I am trying to prove the equation for any integer (k) greater or equal to 0, that 2^(k+1) < (k+3)! I am not sure how to expand the factorial to show that the equation will always be true? Any Help Would Be Greatly Appreciated
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Originally Posted by doleary22 I am trying to prove the equation for any integer (k) greater or equal to 0, that 2^(k+1) < (k+3)! I am not sure how to expand the factorial to show that the equation will always be true? Any Help Would Be Greatly Appreciated If we write... (1) (2) ... You observe that the product (2) has k+2 factors and the product (1) k+1 factors and for i=1,2,...,k+1 is , so that the conclusion is obvious... Kind regards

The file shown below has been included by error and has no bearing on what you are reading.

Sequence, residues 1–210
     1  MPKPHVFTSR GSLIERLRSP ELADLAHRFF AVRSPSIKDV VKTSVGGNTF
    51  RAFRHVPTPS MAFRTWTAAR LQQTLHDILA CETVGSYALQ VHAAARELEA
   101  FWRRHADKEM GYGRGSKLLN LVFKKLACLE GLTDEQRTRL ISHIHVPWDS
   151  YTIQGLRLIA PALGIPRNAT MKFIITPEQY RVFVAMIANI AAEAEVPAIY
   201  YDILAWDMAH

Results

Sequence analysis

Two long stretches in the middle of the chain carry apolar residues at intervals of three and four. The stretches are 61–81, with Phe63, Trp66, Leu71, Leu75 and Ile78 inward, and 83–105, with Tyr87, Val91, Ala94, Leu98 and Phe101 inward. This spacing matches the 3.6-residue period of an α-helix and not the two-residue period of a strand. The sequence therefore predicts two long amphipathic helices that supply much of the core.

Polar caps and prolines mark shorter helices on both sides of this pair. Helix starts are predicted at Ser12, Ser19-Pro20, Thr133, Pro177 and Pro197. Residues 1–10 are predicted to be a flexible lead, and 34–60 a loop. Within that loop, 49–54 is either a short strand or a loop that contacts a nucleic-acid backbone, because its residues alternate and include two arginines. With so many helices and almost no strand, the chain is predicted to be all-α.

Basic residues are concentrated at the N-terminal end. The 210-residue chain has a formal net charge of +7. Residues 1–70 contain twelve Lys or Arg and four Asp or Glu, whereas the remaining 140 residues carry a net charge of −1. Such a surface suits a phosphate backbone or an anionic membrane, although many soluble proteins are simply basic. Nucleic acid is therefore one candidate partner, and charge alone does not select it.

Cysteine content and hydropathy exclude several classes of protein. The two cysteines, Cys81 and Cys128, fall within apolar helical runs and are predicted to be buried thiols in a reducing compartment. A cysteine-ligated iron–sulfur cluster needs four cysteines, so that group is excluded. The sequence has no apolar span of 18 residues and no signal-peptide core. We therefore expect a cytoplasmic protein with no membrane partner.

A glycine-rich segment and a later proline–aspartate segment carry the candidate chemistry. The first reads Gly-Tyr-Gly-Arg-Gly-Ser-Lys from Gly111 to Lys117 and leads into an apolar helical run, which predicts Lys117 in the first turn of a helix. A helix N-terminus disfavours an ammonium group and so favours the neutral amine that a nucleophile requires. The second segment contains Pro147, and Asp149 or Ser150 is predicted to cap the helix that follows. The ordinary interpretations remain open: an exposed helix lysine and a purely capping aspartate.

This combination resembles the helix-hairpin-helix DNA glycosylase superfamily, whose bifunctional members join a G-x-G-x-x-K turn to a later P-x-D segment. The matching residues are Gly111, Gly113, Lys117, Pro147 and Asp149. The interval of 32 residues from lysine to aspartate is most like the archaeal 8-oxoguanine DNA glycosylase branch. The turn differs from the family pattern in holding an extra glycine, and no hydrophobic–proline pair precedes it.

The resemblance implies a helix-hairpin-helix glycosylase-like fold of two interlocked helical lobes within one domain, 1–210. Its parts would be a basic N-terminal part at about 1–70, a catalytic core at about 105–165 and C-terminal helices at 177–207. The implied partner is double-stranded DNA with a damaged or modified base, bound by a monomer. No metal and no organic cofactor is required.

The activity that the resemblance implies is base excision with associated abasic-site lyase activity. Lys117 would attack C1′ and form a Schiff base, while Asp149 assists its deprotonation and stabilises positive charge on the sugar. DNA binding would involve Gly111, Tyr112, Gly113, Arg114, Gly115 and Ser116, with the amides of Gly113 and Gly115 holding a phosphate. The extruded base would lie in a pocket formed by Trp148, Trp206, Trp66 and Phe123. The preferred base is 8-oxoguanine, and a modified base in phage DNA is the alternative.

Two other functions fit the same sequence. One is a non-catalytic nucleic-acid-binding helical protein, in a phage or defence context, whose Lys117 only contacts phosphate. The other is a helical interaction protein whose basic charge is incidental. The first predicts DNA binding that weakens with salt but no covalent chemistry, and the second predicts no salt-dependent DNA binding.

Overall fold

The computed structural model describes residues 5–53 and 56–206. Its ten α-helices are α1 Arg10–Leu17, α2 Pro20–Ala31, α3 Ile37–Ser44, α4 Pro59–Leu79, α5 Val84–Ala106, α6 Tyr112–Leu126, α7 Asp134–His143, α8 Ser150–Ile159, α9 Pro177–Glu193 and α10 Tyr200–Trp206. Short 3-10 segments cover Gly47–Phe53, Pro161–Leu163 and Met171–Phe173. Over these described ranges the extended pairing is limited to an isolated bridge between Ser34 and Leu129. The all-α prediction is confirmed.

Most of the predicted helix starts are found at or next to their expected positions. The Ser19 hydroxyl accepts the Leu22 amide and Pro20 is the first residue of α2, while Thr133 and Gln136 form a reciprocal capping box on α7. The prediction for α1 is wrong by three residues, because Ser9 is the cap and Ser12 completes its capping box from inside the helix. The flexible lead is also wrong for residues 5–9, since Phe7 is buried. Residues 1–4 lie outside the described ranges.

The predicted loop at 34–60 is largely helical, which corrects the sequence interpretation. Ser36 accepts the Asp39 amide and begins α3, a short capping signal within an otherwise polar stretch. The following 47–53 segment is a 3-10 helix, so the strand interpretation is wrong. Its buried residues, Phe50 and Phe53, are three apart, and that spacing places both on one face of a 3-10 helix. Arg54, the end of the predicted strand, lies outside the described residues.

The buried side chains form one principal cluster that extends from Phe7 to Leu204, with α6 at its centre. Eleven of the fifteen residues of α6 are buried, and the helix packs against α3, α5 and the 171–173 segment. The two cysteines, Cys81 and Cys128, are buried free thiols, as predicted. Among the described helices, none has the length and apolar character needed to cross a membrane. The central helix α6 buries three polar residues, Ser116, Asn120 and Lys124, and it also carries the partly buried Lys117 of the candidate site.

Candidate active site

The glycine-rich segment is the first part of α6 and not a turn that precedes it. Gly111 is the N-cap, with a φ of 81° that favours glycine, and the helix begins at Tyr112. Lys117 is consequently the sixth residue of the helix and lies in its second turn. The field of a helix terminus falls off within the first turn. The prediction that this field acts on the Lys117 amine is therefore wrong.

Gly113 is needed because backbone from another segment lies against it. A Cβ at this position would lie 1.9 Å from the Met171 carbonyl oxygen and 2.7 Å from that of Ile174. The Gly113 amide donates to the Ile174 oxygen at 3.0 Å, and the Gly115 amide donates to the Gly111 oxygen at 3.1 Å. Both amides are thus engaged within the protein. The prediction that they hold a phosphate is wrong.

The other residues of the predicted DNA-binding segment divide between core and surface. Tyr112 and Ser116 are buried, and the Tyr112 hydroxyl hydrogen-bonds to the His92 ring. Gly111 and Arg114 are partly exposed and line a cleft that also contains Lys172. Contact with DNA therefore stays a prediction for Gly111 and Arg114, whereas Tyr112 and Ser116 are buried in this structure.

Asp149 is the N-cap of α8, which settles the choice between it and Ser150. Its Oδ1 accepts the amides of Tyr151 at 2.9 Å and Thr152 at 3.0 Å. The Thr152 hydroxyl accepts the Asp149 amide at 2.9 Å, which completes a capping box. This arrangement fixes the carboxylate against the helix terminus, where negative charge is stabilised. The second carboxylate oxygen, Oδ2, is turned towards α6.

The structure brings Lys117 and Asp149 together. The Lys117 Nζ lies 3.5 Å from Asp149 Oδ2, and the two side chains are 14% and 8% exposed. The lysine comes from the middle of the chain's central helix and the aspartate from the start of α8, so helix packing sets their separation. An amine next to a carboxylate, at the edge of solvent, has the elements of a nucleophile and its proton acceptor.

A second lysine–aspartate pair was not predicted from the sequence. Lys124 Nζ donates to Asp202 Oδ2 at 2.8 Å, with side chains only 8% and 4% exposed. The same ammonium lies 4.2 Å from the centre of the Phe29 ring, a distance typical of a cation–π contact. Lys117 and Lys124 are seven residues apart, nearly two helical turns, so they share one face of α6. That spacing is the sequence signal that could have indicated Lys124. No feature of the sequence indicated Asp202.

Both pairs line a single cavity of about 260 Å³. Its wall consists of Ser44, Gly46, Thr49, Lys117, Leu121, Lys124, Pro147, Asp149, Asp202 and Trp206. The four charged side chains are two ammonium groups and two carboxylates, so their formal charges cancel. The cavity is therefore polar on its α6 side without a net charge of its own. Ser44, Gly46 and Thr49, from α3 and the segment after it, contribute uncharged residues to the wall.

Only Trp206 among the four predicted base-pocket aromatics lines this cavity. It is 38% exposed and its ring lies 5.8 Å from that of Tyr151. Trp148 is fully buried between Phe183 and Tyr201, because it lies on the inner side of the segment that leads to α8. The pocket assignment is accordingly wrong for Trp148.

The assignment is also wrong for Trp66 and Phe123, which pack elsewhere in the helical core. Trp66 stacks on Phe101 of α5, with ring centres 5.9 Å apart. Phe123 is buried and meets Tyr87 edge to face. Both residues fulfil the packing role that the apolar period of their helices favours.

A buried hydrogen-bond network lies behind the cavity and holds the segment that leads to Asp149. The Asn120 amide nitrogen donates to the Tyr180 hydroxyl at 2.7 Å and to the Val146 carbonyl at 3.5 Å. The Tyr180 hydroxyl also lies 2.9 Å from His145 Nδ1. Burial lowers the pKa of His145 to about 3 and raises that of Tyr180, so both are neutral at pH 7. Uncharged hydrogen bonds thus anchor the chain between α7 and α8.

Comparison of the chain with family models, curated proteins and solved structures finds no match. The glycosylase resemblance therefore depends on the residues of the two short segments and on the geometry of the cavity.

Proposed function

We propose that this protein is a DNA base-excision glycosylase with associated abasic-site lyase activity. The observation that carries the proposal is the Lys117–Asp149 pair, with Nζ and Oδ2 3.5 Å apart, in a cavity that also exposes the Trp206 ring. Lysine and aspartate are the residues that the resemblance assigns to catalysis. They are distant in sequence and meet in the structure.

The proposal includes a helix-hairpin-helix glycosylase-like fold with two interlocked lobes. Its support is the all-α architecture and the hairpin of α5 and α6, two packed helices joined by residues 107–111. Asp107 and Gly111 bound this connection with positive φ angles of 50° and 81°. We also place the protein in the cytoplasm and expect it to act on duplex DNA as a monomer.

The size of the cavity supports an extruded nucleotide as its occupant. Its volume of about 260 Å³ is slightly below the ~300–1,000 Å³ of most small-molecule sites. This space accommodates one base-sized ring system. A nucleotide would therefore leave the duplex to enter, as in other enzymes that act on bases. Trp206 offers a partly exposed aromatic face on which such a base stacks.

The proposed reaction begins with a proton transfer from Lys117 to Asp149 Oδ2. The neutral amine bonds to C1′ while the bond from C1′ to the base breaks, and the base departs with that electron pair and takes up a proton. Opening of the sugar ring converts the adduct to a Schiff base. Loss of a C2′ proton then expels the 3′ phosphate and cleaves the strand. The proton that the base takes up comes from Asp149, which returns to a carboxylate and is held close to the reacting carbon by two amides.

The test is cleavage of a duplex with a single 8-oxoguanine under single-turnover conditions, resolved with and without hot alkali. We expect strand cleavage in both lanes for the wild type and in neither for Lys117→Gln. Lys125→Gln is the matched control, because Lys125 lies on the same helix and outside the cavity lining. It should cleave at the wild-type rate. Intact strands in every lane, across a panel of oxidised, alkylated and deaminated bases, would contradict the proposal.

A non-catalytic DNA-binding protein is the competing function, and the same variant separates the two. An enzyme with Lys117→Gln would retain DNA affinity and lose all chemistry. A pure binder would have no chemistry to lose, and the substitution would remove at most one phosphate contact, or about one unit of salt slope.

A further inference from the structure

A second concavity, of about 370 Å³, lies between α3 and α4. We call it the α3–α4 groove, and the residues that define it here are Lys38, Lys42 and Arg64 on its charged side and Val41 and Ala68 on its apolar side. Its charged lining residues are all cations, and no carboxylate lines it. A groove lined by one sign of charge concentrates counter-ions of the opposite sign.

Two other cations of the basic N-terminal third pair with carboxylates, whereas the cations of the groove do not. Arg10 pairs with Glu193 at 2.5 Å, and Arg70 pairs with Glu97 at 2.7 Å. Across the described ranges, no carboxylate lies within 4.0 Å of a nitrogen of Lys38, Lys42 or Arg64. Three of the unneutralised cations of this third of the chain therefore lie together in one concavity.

I am still a little confused because I am not familiar with the notation. Is there any other way to solve the problem?
Originally Posted by doleary22 I am still a little confused because I am not familiar with the notation. Is there any other way to solve the problem? A more elementary concept probably doesn't exist... (1) (2) Do You understand now?... Kind regards
I understand how to solve each side of the equation, but what I am confused about is how did you determine the factors in your first response, and then how do I compare those two products to show that the one will always be larger than the other?
Hello, doleary22! Here is an observation. I hope you can modify it into a proof. . . . . . . . . .
I am still a little confused. I know that the statement is correct, but I just can't seem to wrap my head around a logical way to write down a proof.
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